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Canadian Pipeline Firm Calls Off Effort to Skirt Safety Standards

Posted Aug. 5, 2010 / Posted by: Kelly Trout

Contact:
Alex Moore, 202-222-0733, amoore@foe.org
Kelly Trout, 202-222-0722, ktrout@foe.org
 
Canadian Pipeline Firm Calls Off Effort to Skirt Safety Standards
 
TransCanada concedes to pressure, withdraws safety waiver application for proposed dirty tar sands oil pipeline
               
Washington, D.C. – As reported by Senator Jon Tester, TransCanada, the Canadian firm seeking approval from the Obama administration to build a massive new tar sands oil pipeline into the United States, will withdraw its application for a safety waiver from the Department of Transportation. 
 
The pipeline, called Keystone XL, would transport tar sands oil, the dirtiest form of oil available, from Canada to the Gulf Coast of Texas. The safety waiver, officially called a “special permit,” would have allowed TransCanada to cut costs by constructing the pipeline with thinner-than-normal steel and pumping the toxic oil at pressures that exceed the normally allowed limits.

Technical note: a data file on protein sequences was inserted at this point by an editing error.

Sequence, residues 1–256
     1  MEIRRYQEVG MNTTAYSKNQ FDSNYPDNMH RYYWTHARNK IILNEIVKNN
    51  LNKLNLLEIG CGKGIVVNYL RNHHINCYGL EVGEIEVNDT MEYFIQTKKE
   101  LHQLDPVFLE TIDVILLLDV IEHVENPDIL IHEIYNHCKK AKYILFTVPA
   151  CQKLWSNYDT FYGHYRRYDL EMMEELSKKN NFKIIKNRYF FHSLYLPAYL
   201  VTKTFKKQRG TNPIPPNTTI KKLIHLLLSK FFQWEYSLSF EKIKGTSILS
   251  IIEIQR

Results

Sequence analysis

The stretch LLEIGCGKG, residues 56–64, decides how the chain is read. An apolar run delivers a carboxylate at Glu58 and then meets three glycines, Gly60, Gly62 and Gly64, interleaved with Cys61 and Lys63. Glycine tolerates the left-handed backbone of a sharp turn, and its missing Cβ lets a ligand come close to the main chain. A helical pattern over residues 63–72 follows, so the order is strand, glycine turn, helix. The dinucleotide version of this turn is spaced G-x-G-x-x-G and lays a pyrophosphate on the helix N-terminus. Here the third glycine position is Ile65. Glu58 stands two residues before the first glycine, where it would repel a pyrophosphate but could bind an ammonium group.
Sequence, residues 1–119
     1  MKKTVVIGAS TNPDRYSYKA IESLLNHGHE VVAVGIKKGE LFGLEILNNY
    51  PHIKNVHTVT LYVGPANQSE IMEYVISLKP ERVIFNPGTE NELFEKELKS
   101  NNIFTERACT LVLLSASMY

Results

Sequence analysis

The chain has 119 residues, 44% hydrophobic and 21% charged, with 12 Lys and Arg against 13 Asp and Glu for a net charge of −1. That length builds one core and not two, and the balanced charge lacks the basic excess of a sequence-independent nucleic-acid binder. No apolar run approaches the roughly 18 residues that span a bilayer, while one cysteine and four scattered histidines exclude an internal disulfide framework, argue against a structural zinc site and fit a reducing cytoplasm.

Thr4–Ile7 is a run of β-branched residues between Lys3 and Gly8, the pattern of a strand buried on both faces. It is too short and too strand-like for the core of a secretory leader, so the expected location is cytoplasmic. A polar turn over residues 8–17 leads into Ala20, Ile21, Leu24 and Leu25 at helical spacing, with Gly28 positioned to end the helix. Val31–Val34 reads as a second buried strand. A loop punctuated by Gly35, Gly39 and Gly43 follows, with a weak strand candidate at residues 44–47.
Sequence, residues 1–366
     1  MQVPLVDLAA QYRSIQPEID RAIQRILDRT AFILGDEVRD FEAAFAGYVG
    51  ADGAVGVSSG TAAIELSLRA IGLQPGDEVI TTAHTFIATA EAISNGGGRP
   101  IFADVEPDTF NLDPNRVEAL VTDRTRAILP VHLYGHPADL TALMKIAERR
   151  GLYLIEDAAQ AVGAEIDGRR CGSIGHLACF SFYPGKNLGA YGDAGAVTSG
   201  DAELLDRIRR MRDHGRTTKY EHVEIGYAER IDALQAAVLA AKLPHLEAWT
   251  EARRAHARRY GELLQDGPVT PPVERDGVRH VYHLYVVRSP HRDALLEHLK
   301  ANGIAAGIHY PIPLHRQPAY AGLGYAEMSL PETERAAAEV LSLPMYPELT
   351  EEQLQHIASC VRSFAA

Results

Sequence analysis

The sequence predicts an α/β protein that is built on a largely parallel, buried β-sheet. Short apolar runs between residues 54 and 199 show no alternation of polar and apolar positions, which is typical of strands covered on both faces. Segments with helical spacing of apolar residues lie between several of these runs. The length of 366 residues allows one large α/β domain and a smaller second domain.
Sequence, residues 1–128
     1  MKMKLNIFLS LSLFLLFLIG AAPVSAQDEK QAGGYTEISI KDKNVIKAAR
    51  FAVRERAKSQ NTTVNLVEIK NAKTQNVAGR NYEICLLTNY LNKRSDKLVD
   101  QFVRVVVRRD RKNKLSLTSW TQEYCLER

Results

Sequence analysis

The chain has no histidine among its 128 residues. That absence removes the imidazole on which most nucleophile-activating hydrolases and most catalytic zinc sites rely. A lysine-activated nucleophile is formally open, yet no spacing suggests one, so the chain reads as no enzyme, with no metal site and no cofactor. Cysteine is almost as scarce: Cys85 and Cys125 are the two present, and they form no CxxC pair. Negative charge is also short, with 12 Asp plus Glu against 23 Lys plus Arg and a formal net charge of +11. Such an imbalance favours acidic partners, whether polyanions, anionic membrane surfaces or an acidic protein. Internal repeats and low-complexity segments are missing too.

Last week’s spill of more than one million gallons of oil into Michigan’s Kalamazoo River by another tar sands oil pipeline – the largest spill in Midwest history – has heightened concerns about pipeline safety. TransCanada’s first Keystone pipeline, which started pumping oil in June, has already spilled twice, even before reaching full capacity. 
 
Alex Moore, Dirty Fuels Campaigner at Friends of the Earth, had the following statement in response to TransCanada’s announcement:
 
“TransCanada’s decision is a step in the right direction, but it won’t make this pipeline safe. Only a decision by President Obama to reject the Keystone XL pipeline and the toxic oil it would carry can ultimately protect the air, water and lands of communities in its path.
 
“TransCanada’s concession will not eliminate the risk that this pipeline could spill and contaminate our nation’s largest aquifer, the Ogallala, which provides drinking water for two million Americans. The TransCanada move also does nothing to address the increased risks of asthma and lung disease that tar sands oil refineries would pose to Texas communities or the cancer hot spots already emerging downstream from tar sands oil extraction sites in Canada.
 
“The only way the Obama administration can prevent this pipeline from inflicting harm is to keep it from being built.”
 
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